It seems like every day brings more disturbing news about Russia's persecution of its LGBT community.
The blogosphere is abuzz with the news that Dmitri Kisilev, the anchor of the most-watched television news show in Russia, has taken up proselytizing anti-LGBT hatred and vitriol. In fact, Kislev recently said on live television that Putin's draconian law banning "gay propaganda" doesn't go far enough:
"I think... [gays] should be banned from donating blood, sperm. And their hearts, in case of the automobile accident, should be buried in the ground or burned as unsuitable for the continuation of life."
The audience resoundingly applauded.
What makes this even more sinister is the fact that Kisilev's TV station, Rossiya 1, is owned by the Russian government. That's right: Vladimir Putin's homophobic government is Kisilev's employer, and Kisilev is falling right in line with his boss's homophobic agenda. (It almost makes one wonder whether the Russian state might be deploying key members of the state-owned media to double down and amp up the anti-LGBT hate...)
Procter & Gamble, an American company that owns brands like Crest, Gillette, Ivory, and Tide, is Russia's biggest television advertiser. The Wall Street Journal reported last year that "barely an hour goes by on Russia's biggest TV networks without at least one ad from Procter & Gamble." The Russian government owns or is a major shareholder in most of Russia's television stations, so every time Procter & Gamble purchases an ad on those networks, the company puts money directly into the pockets of the Russian government and finances Putin's bloody crusade against LGBT people.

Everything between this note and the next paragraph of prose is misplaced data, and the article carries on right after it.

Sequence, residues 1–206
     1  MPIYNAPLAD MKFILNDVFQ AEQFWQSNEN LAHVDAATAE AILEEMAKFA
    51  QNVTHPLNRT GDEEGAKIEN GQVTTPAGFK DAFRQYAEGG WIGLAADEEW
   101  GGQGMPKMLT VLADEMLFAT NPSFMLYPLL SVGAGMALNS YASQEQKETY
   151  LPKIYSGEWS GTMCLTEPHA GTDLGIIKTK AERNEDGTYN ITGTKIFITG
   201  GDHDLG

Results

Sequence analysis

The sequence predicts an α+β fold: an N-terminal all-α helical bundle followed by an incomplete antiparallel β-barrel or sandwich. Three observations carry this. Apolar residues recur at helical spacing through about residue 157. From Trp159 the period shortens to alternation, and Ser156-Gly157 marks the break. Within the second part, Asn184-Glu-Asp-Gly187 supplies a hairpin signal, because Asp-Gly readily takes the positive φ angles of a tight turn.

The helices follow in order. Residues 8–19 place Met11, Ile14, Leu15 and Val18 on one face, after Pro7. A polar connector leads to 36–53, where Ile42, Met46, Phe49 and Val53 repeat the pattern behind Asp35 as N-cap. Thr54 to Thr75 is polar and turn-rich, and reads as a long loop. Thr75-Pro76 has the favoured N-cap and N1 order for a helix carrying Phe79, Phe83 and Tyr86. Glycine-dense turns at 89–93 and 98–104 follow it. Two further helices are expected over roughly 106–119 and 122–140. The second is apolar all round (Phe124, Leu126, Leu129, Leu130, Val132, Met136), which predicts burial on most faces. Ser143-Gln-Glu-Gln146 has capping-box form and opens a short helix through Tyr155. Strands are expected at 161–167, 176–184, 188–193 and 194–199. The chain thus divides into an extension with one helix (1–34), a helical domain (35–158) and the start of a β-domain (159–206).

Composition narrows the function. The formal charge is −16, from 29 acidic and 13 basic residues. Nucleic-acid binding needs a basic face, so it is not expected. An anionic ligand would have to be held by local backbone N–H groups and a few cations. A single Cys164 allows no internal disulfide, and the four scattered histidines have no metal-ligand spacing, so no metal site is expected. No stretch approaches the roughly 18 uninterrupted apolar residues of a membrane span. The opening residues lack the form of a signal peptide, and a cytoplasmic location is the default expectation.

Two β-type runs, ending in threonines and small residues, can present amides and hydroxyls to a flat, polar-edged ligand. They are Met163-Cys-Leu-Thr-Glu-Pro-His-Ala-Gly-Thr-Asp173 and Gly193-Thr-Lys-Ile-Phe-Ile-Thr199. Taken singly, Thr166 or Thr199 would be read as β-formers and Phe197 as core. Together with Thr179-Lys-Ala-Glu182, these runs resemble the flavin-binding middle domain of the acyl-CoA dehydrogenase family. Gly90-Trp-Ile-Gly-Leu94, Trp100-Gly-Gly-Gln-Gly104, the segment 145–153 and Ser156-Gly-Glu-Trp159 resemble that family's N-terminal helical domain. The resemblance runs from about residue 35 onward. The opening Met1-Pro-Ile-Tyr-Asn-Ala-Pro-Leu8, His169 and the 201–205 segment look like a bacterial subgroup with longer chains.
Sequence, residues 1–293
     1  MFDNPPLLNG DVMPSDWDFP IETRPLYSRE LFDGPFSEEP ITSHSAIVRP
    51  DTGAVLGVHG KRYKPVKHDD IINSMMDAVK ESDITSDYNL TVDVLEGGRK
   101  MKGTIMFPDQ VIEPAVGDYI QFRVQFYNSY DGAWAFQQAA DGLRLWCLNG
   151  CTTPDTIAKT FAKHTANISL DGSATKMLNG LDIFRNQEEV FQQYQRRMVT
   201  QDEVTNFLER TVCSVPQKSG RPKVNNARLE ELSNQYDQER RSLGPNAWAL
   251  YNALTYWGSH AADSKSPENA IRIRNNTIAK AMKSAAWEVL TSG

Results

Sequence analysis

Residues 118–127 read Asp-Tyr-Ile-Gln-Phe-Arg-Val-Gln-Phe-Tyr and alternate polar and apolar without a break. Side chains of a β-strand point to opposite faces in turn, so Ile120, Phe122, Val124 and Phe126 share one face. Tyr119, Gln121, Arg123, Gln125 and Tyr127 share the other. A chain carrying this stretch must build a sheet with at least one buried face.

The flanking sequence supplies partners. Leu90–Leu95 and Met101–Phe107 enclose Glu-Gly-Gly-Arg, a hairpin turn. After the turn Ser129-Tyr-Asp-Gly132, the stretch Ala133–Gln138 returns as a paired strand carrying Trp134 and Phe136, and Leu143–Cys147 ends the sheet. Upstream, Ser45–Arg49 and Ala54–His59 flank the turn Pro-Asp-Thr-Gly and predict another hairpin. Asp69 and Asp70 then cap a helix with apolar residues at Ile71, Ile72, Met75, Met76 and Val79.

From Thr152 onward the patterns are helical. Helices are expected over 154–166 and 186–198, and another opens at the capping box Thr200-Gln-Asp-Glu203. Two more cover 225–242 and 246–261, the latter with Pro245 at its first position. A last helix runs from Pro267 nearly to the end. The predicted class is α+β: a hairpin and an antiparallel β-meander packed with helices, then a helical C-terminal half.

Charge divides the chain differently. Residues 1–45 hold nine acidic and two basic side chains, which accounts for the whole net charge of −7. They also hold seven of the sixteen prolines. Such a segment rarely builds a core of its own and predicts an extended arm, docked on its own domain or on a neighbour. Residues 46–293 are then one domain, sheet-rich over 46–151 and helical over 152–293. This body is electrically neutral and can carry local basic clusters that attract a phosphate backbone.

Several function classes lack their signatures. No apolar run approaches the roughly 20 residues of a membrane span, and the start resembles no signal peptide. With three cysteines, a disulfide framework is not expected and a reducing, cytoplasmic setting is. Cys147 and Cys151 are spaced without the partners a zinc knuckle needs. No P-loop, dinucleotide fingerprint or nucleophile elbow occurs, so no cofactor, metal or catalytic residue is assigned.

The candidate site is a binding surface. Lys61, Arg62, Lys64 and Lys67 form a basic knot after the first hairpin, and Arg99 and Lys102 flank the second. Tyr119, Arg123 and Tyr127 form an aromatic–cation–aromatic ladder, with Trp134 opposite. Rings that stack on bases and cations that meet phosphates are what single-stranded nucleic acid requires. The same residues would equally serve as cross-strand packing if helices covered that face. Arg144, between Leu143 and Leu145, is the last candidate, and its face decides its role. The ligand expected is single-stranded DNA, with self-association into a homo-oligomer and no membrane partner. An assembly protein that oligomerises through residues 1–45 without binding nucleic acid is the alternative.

Procter & Gamble is also a Worldwide Olympic Partner of the International Olympic Committee and a sponsor of the upcoming -- and controversial -- 2014 Winter Olympics in Sochi, Russia.
In the U.S., Procter & Gamble enjoys an LGBT-friendly image, with a 90 percent score on HRC's Corporate Equality Index. P&G's own website states: "Companies like P&G are a force in the world... with this stature comes both responsibility and opportunity. Our responsibility is to be an ethical corporate citizen--but our opportunity is something far greater..."
But P&G's responsibility and ethical obligations extend beyond America's borders. That's why I'm answering Michelangelo Signorile's call to hold the company accountable for the way it spends its money in Russia.
I've launched a Change.org petition calling on Procter & Gamble to pull its ads from Russian government-owned TV stations. Click here to sign.
It's time for Procter & Gamble to stop financing Putin's war on gays -- please stand with me and sign this petition. Let's urge Procter & Gamble to put its money where its mouth is and send a strong message to the Russian government that enough is enough.
Special thanks to Scott Wooledge and Memeographs for their invaluable assistance.